People who aren’t like you can’t always relate to you, but they can understand you.
Dimitri Moore ’21 arrived at Fitchburg State four years ago coming from a predominantly Black area in Boston, an area where seeing a white person walk down the street was out of the ordinary.
At Fitchburg State, he found himself in the minority for the first time in his life. “It was the first time I was in a large environment with a lot of people who were different from me, and I didn’t know anybody,” he recalled. “All my fears were washed away very quickly. I was excited I could make new friends who were different from me.”
Still, Moore said he sees the importance of having other Black students in his circle of friends. “As a Black community on campus, we definitely stick together,” he said.
Moore was one of the speakers at the Unity Rally on campus in September and was proud to see the university engage in its series of Courageous Conversations over the summer. “I think conversation needs to be brought to the table,” he said. “People who aren’t like you can’t always relate to you, but they can understand you.”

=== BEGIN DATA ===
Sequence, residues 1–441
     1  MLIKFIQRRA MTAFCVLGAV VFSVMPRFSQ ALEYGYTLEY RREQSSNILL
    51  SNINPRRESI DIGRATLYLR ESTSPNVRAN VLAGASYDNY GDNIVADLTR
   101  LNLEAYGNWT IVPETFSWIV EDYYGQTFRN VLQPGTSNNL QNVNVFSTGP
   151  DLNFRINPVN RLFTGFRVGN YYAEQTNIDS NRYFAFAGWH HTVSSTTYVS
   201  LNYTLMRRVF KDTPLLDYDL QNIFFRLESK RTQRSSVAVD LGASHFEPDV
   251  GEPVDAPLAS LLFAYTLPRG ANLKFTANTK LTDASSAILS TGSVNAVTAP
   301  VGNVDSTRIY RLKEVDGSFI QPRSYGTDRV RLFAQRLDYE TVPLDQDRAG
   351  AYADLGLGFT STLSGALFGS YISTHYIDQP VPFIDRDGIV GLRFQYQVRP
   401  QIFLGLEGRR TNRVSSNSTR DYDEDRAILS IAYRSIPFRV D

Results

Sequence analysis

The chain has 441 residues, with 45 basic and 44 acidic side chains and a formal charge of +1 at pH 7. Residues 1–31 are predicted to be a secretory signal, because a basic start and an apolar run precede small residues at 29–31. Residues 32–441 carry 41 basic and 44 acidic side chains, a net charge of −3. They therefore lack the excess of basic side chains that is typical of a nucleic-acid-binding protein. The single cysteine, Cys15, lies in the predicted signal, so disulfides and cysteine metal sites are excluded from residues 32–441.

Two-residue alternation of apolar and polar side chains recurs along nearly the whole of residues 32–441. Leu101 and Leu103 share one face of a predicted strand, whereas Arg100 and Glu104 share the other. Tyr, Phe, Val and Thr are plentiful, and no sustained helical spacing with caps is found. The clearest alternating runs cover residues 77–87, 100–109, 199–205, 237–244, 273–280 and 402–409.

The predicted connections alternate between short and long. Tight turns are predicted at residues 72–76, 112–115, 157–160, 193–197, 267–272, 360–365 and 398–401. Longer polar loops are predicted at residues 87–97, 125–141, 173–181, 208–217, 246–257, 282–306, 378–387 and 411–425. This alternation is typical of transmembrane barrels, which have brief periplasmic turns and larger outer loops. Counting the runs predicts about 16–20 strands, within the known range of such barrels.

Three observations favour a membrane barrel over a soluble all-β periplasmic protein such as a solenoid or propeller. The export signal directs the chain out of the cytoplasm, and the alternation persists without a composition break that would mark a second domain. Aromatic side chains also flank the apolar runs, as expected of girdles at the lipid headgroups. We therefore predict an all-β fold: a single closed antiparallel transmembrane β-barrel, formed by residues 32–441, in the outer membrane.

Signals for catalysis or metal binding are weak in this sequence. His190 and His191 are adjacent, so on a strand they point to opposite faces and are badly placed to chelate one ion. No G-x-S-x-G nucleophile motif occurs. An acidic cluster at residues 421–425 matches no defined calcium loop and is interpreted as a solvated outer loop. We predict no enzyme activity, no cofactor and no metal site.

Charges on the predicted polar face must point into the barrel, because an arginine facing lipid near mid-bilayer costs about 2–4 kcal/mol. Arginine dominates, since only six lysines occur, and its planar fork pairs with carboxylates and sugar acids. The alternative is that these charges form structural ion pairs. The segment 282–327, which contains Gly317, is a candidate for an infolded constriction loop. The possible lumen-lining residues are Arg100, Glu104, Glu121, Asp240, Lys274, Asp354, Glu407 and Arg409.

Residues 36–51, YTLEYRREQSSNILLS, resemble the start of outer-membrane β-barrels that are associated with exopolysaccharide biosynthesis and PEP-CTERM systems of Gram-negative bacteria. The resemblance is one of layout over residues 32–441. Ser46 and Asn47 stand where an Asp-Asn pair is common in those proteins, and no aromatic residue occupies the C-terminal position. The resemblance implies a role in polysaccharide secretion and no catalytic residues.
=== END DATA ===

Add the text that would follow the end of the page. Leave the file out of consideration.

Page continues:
And getting to know and understand one another is key to progress in creating equitable communities. He would like to see greater interaction between the university’s Center for Diversity and Inclusiveness and students in the criminal justice program, for example.
“We see these horrible things in this country because people don’t understand Black lives, or Hispanic lives, or trans lives,” Moore said. “It’s very easy to be a trend, but I want this school to be extremely progressive. I’m a big believer in the idea that you’re not looking for perfection; you’re looking for progression.”
This article was originally published in the Winter 2021 edition of Contact magazine.